Road Journals Blog—It’s hard to imagine being whisked away to a German beer house in the woods when it’s a sweltering 95 degrees outside and my legs stick to my car’s leather interior, but I couldn’t shake the image of a Bavarian cottage, dark woods, and mugs of frosty beer from my head. After some research, I discovered the Tourist Club, a piece of the German countryside hidden in the Muir Woods, where in-the-know locals—and girls tired of their legs sticking to their car seats—can pretend they’ve escaped to the outskirts of Munich.
Much of the Tourist Club’s charm lies in its location. You can only access the beer cottage from trails inside Muir Woods, near Mt. Tamalpais. I chose a 45-minute hike up Mill Valley’s Dipsea Steps and across the Sun Trail. First my hiking partner and I parked at Old Mill Park, roughly 30 minutes northeast of San Francisco, and followed the crowds to the Dipsea Steps, which included 688 stairs up three flights. Once we (finally) reached the top, we continued onto the shaded Dipsea Trail and weaved our way through the foliage to the Sun Trail, which flanks a large hill to its right and a sharp cliff drop to the left.
I felt like Frodo taking the ring to Mordor, and after what seemed like an eternity on the narrow trail, we reached a wooded clearing and could hear raucous laughter coming from below. A chalkboard beer sign welcomed us to the Tourist Club, and we climbed down the steps to the wooden cabin, relieved we hadn’t gotten lost or fallen off the cliff. We grabbed a pitcher of European beer from inside the cottage, which was painted with pastel flowers and alpine designs, and snagged a seat on the deck before it filled up. Most other visitors opted to bring sandwiches for a makeshift picnic, and by the time we had finished, the deck was filled with hikers strewn on blankets, devouring late afternoon meals.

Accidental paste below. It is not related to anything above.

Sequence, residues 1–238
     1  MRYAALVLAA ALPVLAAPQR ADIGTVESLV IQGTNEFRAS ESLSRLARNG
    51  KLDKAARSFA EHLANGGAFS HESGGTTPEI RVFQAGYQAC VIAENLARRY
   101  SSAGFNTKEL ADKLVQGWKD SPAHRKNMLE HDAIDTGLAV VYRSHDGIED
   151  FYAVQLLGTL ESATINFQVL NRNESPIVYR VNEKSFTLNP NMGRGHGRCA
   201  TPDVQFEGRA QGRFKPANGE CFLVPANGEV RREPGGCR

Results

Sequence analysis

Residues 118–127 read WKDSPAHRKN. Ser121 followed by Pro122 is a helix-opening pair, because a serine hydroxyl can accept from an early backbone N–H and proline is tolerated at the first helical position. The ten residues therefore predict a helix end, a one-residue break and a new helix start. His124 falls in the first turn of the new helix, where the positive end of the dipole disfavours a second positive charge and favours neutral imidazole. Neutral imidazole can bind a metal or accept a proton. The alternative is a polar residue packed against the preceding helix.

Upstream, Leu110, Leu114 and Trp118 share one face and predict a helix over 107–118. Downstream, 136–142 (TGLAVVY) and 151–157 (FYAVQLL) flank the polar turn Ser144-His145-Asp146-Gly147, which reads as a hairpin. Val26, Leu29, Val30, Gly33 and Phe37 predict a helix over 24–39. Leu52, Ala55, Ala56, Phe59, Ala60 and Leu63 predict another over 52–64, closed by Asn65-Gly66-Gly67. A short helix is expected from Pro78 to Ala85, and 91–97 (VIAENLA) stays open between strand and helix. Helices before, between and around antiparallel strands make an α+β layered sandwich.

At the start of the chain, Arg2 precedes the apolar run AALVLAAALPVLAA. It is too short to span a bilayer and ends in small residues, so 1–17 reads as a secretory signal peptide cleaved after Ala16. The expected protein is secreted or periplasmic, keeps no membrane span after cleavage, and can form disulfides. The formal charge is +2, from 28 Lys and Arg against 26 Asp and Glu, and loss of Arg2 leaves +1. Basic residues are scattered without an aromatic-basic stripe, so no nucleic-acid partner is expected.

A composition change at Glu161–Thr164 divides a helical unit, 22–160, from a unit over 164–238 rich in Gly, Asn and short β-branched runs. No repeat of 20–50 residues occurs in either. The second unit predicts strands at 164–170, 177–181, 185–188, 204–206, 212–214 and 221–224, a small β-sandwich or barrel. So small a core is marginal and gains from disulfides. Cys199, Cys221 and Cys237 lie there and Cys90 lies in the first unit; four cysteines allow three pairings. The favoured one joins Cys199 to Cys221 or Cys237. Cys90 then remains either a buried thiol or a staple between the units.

Whether it was the beers or surviving the first pass, the return trip on the cliff trail didn’t seem nearly as harrowing, especially when a young dad with his child strapped to his chest passed me. Next time I may opt to park in the nearby lot and walk the quarter-mile trail to the Tourist Club, but nothing makes you feel like you deserve a beer quite like surviving 688 steps and a steep cliff trail.
Open to the public the first, second, and fourth weekends of the month. Be sure to check their site to see when they are open for guests, as the rest of the time this is a private club.
Photography by Kristen Haney
This blog post was first published in July 2013. Some facts may have aged gracelessly. Please call ahead to verify information.